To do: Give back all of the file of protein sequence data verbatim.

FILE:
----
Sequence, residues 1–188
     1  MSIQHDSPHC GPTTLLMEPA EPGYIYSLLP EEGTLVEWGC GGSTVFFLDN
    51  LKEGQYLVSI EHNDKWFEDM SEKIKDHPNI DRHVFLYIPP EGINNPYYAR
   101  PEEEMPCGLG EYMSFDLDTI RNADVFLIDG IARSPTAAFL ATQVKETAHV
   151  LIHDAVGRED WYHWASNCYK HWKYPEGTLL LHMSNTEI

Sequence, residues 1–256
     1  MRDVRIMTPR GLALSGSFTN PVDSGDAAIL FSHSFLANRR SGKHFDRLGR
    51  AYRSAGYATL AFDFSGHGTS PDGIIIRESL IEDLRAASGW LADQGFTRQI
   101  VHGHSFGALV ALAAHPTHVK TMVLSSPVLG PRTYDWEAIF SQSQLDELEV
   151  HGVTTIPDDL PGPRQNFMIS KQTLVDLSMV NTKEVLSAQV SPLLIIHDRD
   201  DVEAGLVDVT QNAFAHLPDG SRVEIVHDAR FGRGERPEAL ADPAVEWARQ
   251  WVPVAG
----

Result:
Sequence, residues 1–188
     1  MSIQHDSPHC GPTTLLMEPA EPGYIYSLLP EEGTLVEWGC GGSTVFFLDN
    51  LKEGQYLVSI EHNDKWFEDM SEKIKDHPNI DRHVFLYIPP EGINNPYYAR
   101  PEEEMPCGLG EYMSFDLDTI RNADVFLIDG IARSPTAAFL ATQVKETAHV
   151  LIHDAVGRED WYHWASNCYK HWKYPEGTLL LHMSNTEI

Sequence, residues 1–256
     1  MRDVRIMTPR GLALSGSFTN PVDSGDAAIL FSHSFLANRR SGKHFDRLGR
    51  AYRSAGYATL AFDFSGHGTS PDGIIIRESL IEDLRAASGW LADQGFTRQI
   101  VHGHSFGALV ALAAHPTHVK TMVLSSPVLG PRTYDWEAIF SQSQLDELEV
   151  HGVTTIPDDL PGPRQNFMIS KQTLVDLSMV NTKEVLSAQV SPLLIIHDRD
   201  DVEAGLVDVT QNAFAHLPDG SRVEIVHDAR FGRGERPEAL ADPAVEWARQ
   251  WVPVAG